What if you loved classic movies and were given the chance to physically re-create Old Hollywood? That’s what happened when producer Ryan Murphy hired Matthew Flood Ferguson as the production designer of his Netflix miniseries Hollywood… and now he’s an Emmy nominee. Leonard and Jessie learn what kind of challenges and decisions Matthew faced while trying to set the stage for a saga set in the golden age of Tinseltown.
A talented Filipino transgender filmmaker, Isabel Sandoval has already won acclaim in her native country and at festivals around the globe. Her new film, Lingua Franca, will reach an even wider audience as Ava DuVernay’s Array Releasing is presenting it on Netflix. As actor, writer, director, and editor she is leading a quiet revolution—yet her movie is not part of a crusade. It’s an honest, persuasive story about a hard-working immigrant set in New York’s Brighton Beach neighborhood. Leonard and Jessie responded to it, just as they did its unpretentious creator. We’ll be covering more Array releases in the weeks and months ahead. @isabelvsandoval
If you’re an animation buff, you should know Jerry Beck…and it’s probable that you do. He is a valued resource—online at www.cartoonresearch.com and www.animationscoop.com, in classrooms at major universities, and in the content of 15 books, about everything from Looney Tunes to Spongebob Squarepants. He and Leonard met decades ago at Leonard’s animation class in Manhattan and have been close friends ever since. (Jessie has known him her entire life!) Join us for an animated conversation about a subject near and dear to all of us.
A likable actor who has built a resumé with and without his brother James’ participation, Dave Franco has now made his debut as a writer-director with The Rental, starring his wife Alison Brie and Dan Stevens. Franco’s career has blossomed steadily over the past decade as he’s appeared in everything from The Lego Movie and Warm Bodies to The Disaster Artist and If Beale Street Could Talk. He’s brimming with enthusiasm and, as you’ll hear, fun to talk to.
Mark Evanier has not only attended every single San Diego Comic-con since its inception, he’s been a vital part of that famous gathering (which is on sabbatical this year)—moderating panels with pals like MAD cartoonist Sergio Aragones, interviewing icons like Ray Bradbury, and more. Mark’s writing career has taken him from comic books to sitcoms and beyond (if you don’t have his book Jack Kirby: King of Comics, you should). Leonard and Jessie are longtime friends and know what a great raconteur he is—as this episode will confirm.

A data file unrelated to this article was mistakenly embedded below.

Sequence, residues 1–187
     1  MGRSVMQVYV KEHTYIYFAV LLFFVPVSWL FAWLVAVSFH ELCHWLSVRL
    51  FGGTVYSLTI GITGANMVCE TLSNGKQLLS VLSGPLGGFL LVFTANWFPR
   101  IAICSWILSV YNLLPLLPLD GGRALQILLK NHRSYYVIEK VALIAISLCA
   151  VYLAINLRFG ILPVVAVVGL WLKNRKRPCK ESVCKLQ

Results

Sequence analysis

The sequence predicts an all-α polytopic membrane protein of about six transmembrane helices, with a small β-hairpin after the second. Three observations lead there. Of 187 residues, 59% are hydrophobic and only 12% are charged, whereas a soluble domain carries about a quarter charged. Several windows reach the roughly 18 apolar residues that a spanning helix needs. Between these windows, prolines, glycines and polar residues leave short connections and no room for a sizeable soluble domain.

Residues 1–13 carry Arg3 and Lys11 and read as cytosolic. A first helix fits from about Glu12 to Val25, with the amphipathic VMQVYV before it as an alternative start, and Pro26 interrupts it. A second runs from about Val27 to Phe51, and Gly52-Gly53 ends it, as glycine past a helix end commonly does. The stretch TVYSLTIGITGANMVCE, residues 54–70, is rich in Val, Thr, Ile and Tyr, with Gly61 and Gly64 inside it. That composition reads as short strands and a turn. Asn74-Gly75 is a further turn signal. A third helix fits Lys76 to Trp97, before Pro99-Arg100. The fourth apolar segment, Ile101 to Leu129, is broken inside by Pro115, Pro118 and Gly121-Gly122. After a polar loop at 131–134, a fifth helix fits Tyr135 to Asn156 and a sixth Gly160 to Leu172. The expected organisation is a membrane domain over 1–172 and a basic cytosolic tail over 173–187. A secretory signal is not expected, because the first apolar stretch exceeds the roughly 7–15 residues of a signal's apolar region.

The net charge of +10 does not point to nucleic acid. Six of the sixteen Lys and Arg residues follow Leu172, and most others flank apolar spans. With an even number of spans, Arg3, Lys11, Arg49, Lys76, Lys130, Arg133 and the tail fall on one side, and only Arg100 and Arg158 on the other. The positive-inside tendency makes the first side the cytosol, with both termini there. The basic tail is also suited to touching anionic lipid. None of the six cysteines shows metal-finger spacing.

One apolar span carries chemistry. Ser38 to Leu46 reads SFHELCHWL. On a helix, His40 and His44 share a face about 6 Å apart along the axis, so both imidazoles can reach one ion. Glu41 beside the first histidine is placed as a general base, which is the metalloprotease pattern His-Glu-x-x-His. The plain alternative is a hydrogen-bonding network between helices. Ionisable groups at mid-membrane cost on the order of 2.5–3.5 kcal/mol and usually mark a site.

One of our favorite actresses, Emily Mortimer is currently starring in The Relic, a horror film now playing on VOD and theaters. Add this to a roster of movies and TV shows where she’s always a standout—from Mary Poppins Returns to The Newsroom, Dear Frankie, Lars and the Real Girl, City Island, Lovely & Amazing, her own HBO series Doll and Em, and two for her favorite director, Martin Scorsese: Shutter Island and Hugo. She has stories to share about all of them, as well as her glittery upbringing as the daughter of celebrated author and playwright John Mortimer. (p.s. her daughter enjoys hearing Emily’s voice in the English-language version of Miyazaki’s Howl’s Moving Castle. So do we.)
You hear his striking, Emmy Award-winning music every time you watch Succession. He’s Nicholas Britell and he’s one of the brightest lights in the world of contemporary film and television scoring. His collaboration with filmmaker Barry Jenkins has yielded two Oscar nominations to date—for Moonlight and If Beale Street Could Talk. A New Yorker through and through, he remains disarmingly unpretentious and was happy to chat with Leonard and Jessie about the music he provided for Whiplash (which he also co-produced), The Big Short and Natalie Portman’s directorial debut, Eve, among others. He’s still got a big career ahead of him.
If best-selling author and filmmaker Stephen Chbosky weren’t quarantined he’d be shooting the movie version of the Broadway musical Dear Evan Hansen—which we can’t wait to see. Meanwhile, his beautiful film Wonder is a Maltin Movie Club recommendation. Leonard and Jessie welcome him back to the podcast to discuss his wide-ranging career, starting with The Perks of Being a Wallflower, and his mentor, screenwriter Stewart Stern, who wrote Rebel Without a Cause and inspired Stephen from the moment they met.
This year marks the 40th anniversary of Leonard’s book Of Mice and Magic: A History of American Animated Cartoons, and we’re going to celebrate by doing a multi-episode deep dive into all things animation. In part one, Jessie asks her dad how he got hooked on cartoons in the first place and how he met so many people who helped invent the medium we all love.